If you have a chance visit your local quilt shop. Check out Maddie’s post for some tips on supporting them. Support schools (of any kind) that teach sewing and quilting classes – perhaps by offering to teach, asking questions, and most importantly by being kind to the staff (they’re people too).  Take a moment to thank them for still being there.

Happy Quilting!



2 thoughts on “Changing Times”

  1. If a business wants loyalty, they need to provide a decent commodity. I’ve tried several times to shop Hancocks, their fabric is the lowest quality. You literally can read through it. I understand the quality fabrics are expensive, but there are ways around that. Quilt guilds usually have fabric swaps/rummage sales. Or garage sales, etc. while this might not be a first choice, I’d like to see people buy quality not quantity. I’ve seen stashes that were obscene. Ten lifetimes couldn’t go through them. It would be better if we became more project oriented. Find an inspiration, then shop for it. As it is, people have amassed such huge collections, they only browse in the stores now. The quilt shows manage to sell new things, but most don’t do big shopping except Houston, Calif., Peducah, etc. Now we face online stores as the main resource for many. I’m not sure there’s an answer. We just had the only true quilt shop close last weekend. The great ones provide classes, fabric, clubs, machines/services, etc. I’d rather see 1 quilt store with many employees. It’s awful to take classes and the instructor has to stop and take care of customers. The bigger privately owned will always be busy as they have figured out how to retail and still run the business. My girlfriend found the secret of kits. Every line of fabric had a sample displayed with kits made up to do the quilt. She had 2 employees that just cut kits. People will buy but an owner has to have an esthetic eye for color and a working knowledge of buying trends. What I’d really like to see is those huge stashes being put to good use. I’d suggest those empty stores set up some quilting retreats to do donation projects. Have people haul in fabric they will never use and put it to use. The store has people in it, and said people rarely walk out without some little something. The store should never be vacant. That’s bad business.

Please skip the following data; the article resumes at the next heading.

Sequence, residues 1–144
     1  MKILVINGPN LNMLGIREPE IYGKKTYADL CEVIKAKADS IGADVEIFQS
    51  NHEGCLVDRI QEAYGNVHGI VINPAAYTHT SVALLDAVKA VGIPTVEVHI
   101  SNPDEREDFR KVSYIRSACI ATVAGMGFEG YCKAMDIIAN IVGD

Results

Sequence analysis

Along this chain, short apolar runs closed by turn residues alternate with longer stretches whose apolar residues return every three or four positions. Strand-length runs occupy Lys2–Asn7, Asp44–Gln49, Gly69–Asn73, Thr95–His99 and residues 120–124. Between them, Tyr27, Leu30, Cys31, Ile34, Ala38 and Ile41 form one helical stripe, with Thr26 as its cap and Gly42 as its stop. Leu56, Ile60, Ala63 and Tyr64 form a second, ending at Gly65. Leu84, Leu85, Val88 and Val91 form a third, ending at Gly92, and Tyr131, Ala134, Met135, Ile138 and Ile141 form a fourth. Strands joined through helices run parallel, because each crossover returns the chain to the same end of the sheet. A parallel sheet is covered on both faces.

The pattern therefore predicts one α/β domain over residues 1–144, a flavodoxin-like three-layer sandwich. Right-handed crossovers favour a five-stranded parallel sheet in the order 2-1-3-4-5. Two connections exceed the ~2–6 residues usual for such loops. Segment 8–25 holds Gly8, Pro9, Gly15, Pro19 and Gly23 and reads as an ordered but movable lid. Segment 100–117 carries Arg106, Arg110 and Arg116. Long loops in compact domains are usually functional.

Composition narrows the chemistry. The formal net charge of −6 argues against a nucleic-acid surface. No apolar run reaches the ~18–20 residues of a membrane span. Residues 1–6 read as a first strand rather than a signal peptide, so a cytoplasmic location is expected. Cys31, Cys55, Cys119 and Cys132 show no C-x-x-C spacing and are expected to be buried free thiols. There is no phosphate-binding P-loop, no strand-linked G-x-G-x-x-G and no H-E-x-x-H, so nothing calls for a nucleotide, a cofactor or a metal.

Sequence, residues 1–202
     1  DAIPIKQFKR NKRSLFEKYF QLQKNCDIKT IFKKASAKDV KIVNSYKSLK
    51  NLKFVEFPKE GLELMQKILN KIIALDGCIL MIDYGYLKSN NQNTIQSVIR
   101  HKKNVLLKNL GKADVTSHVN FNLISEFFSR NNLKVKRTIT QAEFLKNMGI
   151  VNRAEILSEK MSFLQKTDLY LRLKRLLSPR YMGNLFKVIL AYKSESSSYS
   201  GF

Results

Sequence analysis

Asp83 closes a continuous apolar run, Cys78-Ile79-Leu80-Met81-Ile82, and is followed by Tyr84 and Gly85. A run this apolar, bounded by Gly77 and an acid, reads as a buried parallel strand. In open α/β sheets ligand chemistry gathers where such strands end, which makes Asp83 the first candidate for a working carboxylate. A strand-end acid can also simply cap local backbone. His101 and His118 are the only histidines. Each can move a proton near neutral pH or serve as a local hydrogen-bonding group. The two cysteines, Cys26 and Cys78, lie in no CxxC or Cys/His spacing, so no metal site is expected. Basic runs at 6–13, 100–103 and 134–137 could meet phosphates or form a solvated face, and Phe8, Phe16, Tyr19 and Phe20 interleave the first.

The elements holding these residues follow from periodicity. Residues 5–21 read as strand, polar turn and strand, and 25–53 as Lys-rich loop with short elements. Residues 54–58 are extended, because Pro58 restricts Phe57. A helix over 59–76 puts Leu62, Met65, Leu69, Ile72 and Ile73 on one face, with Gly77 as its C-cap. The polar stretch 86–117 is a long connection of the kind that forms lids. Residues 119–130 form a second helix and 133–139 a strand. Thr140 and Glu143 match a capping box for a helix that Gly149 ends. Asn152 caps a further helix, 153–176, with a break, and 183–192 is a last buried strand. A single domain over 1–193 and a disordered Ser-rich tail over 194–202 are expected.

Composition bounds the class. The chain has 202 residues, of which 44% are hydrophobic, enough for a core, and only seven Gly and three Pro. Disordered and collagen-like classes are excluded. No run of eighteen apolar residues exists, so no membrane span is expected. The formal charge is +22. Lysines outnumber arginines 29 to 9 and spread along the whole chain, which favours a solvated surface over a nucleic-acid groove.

Just some thoughts.

  2. When I lived in NC I shopped at Hancock Fabrics regularly, especially after my granddaughter found she loved sparkly, glittery, and generally shiny fabrics. Hancocks always had a great selection, and definitely not stuff that my LQS would carry! Great for Halloween and other occasions. I don’t buy fabric as much as I used to due to limited space in my house and a definite downward turn in my available money over the past few years, plus I dye most of what I use now. I try to buy at least some Aurifil or other threads at my LQS, but their stocked fabric just isn’t what I’m into. Trying to keep abreast of trends and keeping customers happy seems an impossible task, I can’t even imagine trying to run a quilt shop!

Leave a Reply